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FEEDING YOUR GUN DOG …by Bryan Taylor Powered By Docstoc
					FEEDING YOUR GUN DOG …by Bryan Taylor
Training and genetics can only carry a gun dog so far. In order for your dog to perform at its highest possible
level you need to feed it a high-caliber, high-nutrition diet, here’s what to look for.

Currently there are approximately 30 breeds listed as hunting dogs, though two-thirds of them are hard-
pressed to find their food bowls, let alone game birds. If we trim the list to the dozen or so breeds that are
realistic field dogs, it still represents a fair number. Add bloodlines within those breeds, and we end up with a
substantial variety of pointer, flushers and retrievers. Indeed, working gun dogs come in a range of sizes,
shapes and hunting styles but across this broad spectrum, one factor remains constant: the need for high-
caliber nutrition.

Top-notch hunting dogs are the sum of good genetics, training and nutrition. If any part of this triangle is
neglected, a dog’s performance, particularly at higher levels of demand, will be diminished. Perhaps
predictably, of the three fundamental elements, nutrition is the most commonly neglected, yet it’s the most
cost-effective and easily handled piece of the gun-dog puzzle. To be sure, if you hope to get peak
performance from your hard-working gun dog there’s more to feeding it than throwing out bargain-basement

Good nutrition is as critical to a dog’s life—daily performance, overall health and longevity—as it is to its
owner’s well being. That said, the nutritional needs of dogs are different from those of humans. On the whole
our diets emphasize high-fibre and low fat, while proper operating nutrition for gun dogs reverses that
ration.(note—an appropriate level of dietary fibre is necessary in a nutritionally-balanced dog food.)

According to some estimates, the dog food industry offers approximately 80 brands—comprising more than
500 formulas—of dry dog food alone. Those numbers are likely conservative and don’t include all the small-
time dog food producers and animal—feed mills that make their own food concoctions for local clients.
Altogether, dog food is 2 billion-dollar-plus annual businesses.


So given the bewildering array of available foods, how do you make the right choice for your dog? That
sounds simple but the reality is that selecting the appropriate food for a working gun dog is a relatively
complex subject without a one-food-for-all answer. For our purposes, let’s broadly define a “working gun
dog” as a dog between 2 and 8 years of age pups and senior dogs present different cases. Further, let’s say
our dogs are healthy, active and in decent physical condition; health problems, obesity or chronic weight-loss
add additional considerations.

As a baseline to proper nutrition, keep in mind that for a portion of every year, hunting dogs are high-level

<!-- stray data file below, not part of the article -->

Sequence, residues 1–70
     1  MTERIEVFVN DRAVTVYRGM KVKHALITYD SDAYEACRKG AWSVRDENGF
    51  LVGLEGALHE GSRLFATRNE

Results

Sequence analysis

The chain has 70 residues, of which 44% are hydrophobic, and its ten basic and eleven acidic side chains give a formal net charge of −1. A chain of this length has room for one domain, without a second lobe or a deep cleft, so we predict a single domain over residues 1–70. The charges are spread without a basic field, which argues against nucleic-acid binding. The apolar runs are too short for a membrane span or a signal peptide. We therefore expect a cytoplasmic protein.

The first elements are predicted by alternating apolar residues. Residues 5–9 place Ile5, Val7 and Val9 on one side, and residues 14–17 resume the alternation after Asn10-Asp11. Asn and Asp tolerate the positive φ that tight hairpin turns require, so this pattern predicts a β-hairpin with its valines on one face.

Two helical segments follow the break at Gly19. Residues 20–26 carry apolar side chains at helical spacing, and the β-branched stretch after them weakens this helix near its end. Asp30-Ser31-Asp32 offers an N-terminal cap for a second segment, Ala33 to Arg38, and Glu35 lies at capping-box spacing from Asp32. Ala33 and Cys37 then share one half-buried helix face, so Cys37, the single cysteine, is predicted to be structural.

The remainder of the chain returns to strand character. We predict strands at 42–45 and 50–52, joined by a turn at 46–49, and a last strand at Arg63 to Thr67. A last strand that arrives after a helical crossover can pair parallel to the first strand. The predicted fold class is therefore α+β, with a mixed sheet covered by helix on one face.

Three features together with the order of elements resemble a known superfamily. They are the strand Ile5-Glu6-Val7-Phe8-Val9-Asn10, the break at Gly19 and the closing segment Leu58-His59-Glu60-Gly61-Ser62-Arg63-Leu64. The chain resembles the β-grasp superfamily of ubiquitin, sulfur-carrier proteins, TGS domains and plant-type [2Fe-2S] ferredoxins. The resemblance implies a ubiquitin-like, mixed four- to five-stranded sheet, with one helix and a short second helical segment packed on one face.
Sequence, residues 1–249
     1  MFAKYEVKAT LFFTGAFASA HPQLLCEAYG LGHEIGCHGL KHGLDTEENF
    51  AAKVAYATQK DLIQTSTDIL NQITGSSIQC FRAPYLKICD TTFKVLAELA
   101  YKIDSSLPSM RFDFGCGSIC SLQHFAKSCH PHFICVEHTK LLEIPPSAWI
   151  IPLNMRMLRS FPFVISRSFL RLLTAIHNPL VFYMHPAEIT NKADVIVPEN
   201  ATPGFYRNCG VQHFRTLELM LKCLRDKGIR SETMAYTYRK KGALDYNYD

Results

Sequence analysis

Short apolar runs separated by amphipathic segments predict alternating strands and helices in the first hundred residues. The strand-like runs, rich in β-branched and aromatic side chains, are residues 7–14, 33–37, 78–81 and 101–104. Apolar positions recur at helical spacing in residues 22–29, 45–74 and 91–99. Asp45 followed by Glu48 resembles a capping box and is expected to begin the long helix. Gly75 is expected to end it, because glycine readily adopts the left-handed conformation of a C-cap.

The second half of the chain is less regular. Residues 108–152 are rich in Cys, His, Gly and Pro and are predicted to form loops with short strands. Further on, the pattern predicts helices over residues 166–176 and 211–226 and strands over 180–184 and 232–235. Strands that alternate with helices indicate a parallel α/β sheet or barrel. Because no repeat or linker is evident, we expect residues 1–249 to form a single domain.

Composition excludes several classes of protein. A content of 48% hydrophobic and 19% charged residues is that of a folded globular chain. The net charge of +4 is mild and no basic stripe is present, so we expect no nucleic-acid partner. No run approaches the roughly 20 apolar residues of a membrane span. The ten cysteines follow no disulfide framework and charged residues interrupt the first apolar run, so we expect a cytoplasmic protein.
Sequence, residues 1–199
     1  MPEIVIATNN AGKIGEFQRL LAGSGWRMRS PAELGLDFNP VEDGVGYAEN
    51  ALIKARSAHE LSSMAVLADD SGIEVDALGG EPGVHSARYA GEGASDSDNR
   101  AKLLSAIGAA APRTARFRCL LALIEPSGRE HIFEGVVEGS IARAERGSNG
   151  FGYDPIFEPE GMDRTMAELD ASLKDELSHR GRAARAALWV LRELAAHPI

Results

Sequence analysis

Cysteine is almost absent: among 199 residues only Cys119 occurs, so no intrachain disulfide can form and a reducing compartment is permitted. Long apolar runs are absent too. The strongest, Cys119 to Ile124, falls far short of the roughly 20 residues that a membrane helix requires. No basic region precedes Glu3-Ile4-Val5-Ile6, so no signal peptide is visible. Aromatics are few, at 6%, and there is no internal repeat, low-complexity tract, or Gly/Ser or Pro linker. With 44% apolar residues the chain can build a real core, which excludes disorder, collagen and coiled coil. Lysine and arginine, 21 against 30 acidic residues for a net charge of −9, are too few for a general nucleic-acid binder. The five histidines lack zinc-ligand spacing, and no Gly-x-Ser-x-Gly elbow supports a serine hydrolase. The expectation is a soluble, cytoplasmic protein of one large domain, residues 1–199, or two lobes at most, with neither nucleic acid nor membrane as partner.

aerobic athletes with working patterns involving hours of endurance activity or shorter periods of intense
sprinting, running or swimming. Add to those daily demands dogs that are hunted frequently throughout a
season, and the stress placed on our dog’s bodies can be excessive. The glue that holds-these
 dogs together are the food we give them.

It might seem obvious but a commonly ignored factor in canine nutrition is that individual dogs have
different needs. Serious exercise has a profound impact on the amount of energy required to maintain body
condition. In that sense, what works for cocker spaniels might not meet the needs of pointers. Although high-
nutritional quality is an across-the board necessity; the devil is in the details—such as balancing a god’s
physical needs and caloric requirements with the energy provided by three primary dietary sources fat,
protein and carbohydrates.
These dietary energy sources are offered in three types of dog food; CANNED, SEMIMOIST. AND dry.
These three products vary widely in a number of characteristics, particularly the amount of nutrition
delivered per pound of food, as well as palatability, cost and moisture. Moisture is important because as
water content increases, the amount of protein, fat and other nutrients, decrease, which means a dog must eat
more to produce the needed nutrition of a food higher in moisture content than one with less moisture.

Canned foods are lower in protein and fat, and higher in moisture, palatability and cost per serving. Semi-
moist food has a bit more available dietary energy than canned rations, but they’re also expensive and have
high moisture content. These two-types of foods are rarely, if ever, used as primary hunting dog diets.

That leaves dry food, the form of energy-delivery used by virtually all owners of active working dogs. Most